Like most Saturday Night Live viewers, Julia Sweeney couldn't stop laughing watching Chris Farley as the motivational speaker who lived in a van down by the river. The only difference is she was on live TV next to him at the time. And she's still kicking herself for it 27 years later.
"I break all the time and I hate it about myself," Sweeney, an SNL cast member from 1990 to 1994, confessed while speaking on a "Women of SNL" panel alongside Cheri Oteri, Laraine Newman, and moderator Will Forte, during a virtual Groundlings Diversity Festival on Sunday night.
Norman Ng for Edie Baskin/NBC/NBCU Photo Bank/Getty Images
"I'm not laughing at me. I'm laughing at this person who's committing so much who's two feet away from me," Sweeney said, adding that it has happened more often doing improv than her time at the legendary NBC comedy show, with the notable exception of the Farley sketch.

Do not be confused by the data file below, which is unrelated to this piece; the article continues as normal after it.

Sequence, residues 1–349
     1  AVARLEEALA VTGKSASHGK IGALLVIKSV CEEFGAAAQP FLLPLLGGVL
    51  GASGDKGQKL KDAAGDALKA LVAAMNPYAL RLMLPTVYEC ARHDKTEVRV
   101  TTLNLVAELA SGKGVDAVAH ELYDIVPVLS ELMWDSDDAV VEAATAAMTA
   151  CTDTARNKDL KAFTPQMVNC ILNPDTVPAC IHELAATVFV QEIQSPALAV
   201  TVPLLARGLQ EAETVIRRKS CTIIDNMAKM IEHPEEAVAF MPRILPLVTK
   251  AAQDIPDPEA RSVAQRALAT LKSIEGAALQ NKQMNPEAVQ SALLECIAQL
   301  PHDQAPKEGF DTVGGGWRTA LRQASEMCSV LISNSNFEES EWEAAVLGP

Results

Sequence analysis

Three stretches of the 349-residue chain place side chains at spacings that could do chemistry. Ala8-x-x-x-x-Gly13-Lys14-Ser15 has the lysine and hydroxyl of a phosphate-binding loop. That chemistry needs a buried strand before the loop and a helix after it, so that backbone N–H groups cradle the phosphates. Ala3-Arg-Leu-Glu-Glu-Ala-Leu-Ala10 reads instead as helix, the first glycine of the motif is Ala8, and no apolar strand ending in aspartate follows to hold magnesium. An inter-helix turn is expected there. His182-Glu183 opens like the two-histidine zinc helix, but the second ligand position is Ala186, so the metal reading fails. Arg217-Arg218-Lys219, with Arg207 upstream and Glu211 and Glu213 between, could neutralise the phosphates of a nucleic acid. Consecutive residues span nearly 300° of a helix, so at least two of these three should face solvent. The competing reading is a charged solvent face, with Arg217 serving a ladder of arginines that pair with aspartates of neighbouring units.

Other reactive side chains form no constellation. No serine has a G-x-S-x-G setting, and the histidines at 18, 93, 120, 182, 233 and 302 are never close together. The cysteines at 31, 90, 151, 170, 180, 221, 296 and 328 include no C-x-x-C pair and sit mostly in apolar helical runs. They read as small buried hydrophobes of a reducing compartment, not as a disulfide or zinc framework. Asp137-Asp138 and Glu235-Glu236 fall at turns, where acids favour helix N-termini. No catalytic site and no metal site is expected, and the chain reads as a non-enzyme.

"When Chris Farley did the 'down by the river' Matt Foley, I was in that. They had to cut around me because I was laughing. Because it was like I had the best seat in the house for the funniest friggin' thing that was happening on the planet."
In the May 1993 sketch, Sweeney and Phil Hartman play parents trying to get their troubled teens (David Spade and episode host Christina Applegate) back on track by enlisting a down-on-his-luck motivational speaker named Matt Foley. It was Farley's debut as the clumsy pants-adjusting character who quickly became a fan-favorite and reappeared seven more times throughout the comedian's run on the show.
"Spade was laughing too," Oteri reminded Sweeney during the panel.
"Yeah, Spade was laughing too. But they were mad at me," Sweeney said. "They had to change camera angles and that's terrible. That is terrible. I just feel awful about it actually."
"It probably added to it," Oteri offered as comfort. "It was almost understandable."
"I don't want to be like that," Sweeney said, still scolding herself as Oteri and Newman laughed.
"What an amazing thing to have been part of," Forte marveled.
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